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'Hillbilly' show wrong to exploit stereotypes

March 6, 2003

Staff editorial

Take an ordinary family living in rural America, put them in a mansion in Beverly Hills and film their reactions to new-found wealth and what do you get? In the minds of CBS executives, a surefire 'reality' television hit. In the minds of rural Americans, the result of CBS's plan is discrimination.

CBS executive Les Moonves wants to recreate the station's popular 1960s sitcom The Beverly Hillbillies by moving a Southern, multigenerational family, preferably from Appalachia, to Beverly Hills for a year.

One flier distributed throughout Kentucky offered as much as a $500,000 reward to a family made up of 'parents in their 40s with children ages 17 to 25. Grandparents and other kin invited.'

The flier, along with Moonves' decision to search for families for the show, has incited picketers, protesters and even a high school letter-writing campaign. People in the Appalachia area are tired of being depicted as poor and uneducated, the Los Angeles Times reports.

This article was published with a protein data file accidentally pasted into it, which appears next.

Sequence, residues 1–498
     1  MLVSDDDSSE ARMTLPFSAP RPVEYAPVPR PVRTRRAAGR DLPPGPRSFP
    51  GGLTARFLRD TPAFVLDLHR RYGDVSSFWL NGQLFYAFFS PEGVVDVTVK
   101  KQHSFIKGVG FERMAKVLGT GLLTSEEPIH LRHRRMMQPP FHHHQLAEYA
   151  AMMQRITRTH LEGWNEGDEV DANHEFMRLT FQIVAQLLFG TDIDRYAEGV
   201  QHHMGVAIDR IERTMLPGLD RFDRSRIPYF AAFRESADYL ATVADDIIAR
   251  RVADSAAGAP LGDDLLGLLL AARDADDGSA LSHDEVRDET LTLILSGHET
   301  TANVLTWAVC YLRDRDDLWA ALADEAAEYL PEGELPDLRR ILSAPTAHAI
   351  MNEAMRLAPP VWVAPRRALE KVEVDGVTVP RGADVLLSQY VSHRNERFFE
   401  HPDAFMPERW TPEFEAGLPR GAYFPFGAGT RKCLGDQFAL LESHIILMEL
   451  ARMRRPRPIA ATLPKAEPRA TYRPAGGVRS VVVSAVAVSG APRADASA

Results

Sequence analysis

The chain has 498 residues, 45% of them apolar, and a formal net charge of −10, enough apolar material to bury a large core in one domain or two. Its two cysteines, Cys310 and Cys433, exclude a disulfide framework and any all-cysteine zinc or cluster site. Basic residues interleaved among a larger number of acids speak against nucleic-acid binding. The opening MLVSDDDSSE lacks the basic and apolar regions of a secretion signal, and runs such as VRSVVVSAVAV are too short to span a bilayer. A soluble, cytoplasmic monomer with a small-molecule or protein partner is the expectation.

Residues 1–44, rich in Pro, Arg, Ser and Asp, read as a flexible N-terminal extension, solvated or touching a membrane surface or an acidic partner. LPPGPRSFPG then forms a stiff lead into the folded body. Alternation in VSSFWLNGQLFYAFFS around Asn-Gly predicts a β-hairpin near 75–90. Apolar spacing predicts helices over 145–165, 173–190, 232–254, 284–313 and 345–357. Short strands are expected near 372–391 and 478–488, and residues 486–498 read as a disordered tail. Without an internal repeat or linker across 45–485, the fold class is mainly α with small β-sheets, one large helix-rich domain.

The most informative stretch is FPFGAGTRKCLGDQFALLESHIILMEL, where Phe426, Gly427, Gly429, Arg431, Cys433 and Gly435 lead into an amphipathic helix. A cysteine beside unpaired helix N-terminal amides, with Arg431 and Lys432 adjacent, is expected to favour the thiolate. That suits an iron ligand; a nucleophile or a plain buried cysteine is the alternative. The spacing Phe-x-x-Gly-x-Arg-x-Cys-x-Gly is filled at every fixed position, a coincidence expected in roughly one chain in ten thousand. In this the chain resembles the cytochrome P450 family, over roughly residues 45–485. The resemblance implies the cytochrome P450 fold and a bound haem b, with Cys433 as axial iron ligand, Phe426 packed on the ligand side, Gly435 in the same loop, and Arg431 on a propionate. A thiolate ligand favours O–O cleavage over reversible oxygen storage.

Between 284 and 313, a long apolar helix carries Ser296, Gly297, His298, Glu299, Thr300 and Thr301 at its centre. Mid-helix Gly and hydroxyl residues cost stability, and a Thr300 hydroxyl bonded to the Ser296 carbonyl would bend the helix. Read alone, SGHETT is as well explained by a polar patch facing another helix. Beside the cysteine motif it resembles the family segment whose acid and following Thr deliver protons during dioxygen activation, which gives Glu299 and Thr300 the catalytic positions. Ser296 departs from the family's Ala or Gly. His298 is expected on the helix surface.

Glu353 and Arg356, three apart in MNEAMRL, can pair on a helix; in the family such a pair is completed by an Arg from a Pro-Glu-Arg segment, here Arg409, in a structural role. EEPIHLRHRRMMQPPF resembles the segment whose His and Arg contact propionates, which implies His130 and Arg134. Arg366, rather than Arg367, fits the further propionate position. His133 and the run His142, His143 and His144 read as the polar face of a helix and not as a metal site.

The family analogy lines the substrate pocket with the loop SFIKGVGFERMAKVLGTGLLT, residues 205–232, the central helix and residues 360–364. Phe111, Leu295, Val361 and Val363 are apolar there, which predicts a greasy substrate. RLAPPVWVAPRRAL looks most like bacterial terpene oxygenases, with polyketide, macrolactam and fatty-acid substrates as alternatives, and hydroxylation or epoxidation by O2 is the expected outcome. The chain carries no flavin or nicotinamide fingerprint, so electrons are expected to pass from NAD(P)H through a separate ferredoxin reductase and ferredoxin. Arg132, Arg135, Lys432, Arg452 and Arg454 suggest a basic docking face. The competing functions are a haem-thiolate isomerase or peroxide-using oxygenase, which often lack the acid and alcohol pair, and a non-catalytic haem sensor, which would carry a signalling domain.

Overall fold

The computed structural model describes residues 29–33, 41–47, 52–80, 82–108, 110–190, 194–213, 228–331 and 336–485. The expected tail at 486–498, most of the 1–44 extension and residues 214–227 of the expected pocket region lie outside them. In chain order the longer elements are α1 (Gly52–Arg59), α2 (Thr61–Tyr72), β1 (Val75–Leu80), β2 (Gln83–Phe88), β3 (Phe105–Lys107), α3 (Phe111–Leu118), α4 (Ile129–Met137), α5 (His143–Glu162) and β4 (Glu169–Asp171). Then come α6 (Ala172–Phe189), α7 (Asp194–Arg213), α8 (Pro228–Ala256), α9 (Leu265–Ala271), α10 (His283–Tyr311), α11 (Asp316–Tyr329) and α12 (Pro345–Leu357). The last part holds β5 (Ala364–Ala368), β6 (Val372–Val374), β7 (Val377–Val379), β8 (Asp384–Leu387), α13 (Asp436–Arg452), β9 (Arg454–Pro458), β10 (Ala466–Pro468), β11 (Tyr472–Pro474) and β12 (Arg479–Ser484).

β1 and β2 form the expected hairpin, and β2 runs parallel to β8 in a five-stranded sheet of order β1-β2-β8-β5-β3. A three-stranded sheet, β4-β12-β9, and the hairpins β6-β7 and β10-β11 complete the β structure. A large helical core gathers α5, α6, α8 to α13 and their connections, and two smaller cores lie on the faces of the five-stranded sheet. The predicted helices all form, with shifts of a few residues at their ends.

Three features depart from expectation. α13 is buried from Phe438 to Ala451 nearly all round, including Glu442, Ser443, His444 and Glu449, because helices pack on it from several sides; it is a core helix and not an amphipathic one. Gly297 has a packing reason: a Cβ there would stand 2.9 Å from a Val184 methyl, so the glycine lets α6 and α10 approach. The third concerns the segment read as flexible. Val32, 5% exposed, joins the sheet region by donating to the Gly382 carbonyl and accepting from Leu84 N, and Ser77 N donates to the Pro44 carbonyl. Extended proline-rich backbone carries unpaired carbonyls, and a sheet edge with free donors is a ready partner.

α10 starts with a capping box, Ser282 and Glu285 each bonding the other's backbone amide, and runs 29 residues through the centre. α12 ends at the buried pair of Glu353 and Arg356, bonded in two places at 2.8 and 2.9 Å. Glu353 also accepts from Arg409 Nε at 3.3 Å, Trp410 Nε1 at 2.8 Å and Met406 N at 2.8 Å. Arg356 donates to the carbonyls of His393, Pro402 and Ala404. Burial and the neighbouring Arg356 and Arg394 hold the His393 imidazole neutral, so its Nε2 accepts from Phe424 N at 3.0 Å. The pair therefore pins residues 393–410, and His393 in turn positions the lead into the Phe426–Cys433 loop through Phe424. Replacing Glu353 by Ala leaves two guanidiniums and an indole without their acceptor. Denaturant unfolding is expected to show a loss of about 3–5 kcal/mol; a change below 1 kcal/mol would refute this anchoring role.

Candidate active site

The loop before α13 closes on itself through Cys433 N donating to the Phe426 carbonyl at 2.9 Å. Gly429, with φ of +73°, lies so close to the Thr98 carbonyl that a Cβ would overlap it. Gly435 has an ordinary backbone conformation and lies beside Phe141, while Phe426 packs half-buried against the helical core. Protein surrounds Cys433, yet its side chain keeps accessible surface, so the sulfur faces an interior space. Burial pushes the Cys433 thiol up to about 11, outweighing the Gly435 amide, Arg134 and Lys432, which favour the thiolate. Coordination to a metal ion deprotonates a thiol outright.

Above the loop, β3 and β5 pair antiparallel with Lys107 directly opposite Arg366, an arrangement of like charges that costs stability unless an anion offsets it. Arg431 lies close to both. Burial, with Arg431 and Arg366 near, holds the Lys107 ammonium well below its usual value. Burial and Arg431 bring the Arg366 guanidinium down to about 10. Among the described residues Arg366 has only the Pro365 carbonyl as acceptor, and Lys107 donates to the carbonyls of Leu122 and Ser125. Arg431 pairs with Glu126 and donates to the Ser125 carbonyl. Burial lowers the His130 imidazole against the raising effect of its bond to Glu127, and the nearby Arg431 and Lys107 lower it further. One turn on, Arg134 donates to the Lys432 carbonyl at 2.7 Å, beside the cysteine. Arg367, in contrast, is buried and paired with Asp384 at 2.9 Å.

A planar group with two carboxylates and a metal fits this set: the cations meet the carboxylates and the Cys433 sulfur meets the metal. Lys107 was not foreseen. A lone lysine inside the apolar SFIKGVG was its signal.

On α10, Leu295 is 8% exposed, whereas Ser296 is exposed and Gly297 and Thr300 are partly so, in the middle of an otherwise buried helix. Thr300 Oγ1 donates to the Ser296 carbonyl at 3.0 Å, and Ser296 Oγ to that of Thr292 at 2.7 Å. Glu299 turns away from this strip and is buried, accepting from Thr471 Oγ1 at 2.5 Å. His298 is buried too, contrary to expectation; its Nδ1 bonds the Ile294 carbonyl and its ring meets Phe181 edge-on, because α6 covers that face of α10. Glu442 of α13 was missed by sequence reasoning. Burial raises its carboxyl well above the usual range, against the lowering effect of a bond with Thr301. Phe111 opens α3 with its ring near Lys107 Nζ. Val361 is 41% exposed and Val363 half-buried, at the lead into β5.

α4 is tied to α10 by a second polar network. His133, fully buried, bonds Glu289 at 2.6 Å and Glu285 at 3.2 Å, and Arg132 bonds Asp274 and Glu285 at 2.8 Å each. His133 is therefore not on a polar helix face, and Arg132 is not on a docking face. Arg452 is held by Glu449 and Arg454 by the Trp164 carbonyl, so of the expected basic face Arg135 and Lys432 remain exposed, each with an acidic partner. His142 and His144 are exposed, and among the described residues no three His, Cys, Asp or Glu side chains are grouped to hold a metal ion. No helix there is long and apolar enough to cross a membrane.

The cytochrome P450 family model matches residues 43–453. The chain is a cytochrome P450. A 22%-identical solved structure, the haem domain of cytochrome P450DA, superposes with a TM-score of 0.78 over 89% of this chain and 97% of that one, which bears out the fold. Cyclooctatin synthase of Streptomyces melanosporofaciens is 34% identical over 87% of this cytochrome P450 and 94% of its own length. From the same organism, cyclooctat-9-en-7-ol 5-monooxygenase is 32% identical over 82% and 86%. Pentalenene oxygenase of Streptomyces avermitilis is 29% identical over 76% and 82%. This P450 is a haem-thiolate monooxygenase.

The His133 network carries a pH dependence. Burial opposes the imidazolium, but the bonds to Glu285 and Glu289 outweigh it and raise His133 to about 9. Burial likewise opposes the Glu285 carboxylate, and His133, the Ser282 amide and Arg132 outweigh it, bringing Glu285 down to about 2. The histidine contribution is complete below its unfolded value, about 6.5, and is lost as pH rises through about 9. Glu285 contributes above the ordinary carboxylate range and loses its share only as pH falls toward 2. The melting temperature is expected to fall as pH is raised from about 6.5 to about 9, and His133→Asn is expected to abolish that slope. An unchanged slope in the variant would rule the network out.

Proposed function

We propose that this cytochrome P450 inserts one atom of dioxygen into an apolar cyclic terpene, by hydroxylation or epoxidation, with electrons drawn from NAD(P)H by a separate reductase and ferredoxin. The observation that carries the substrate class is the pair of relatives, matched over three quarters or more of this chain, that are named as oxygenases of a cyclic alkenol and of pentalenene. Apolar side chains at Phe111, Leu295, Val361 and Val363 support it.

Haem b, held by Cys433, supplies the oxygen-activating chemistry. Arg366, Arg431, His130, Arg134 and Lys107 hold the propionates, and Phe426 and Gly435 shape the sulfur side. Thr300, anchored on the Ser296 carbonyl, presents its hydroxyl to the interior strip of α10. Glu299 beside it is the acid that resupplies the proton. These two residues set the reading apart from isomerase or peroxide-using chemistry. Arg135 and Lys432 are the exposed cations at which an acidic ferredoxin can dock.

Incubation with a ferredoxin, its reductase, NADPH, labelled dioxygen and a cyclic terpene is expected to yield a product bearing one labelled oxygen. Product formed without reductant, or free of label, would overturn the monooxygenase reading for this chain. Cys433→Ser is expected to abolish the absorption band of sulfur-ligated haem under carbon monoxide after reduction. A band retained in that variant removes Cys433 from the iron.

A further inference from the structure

One senator, Zell Miller, D-Georgia, has expressed his fury over the potential show. The self-proclaimed 'hillbilly' told the Senate the show promoted 'bigotry, pure and simple.'

The Lariat feels that CBS's plan is discriminatory and only increases the negative stereotype of Appalachian families as poor 'hillbillies' with little education. The family CBS executives hope to portray is an immense exaggeration of many actual families living in rural America.

Inciting laughs and entertainment at the expense of a stereotype is wrong and generally would be frowned upon. The show will only remove a family from a lifestyle they've never known to be wrong and point out all of their flaws. The show will take these Americans and give them wealth for a year, then take it all away, just for entertainment's sake.

The Lariat believes the proposed show is simply a bad idea and just another ridiculous addition to the slew of reality television shows.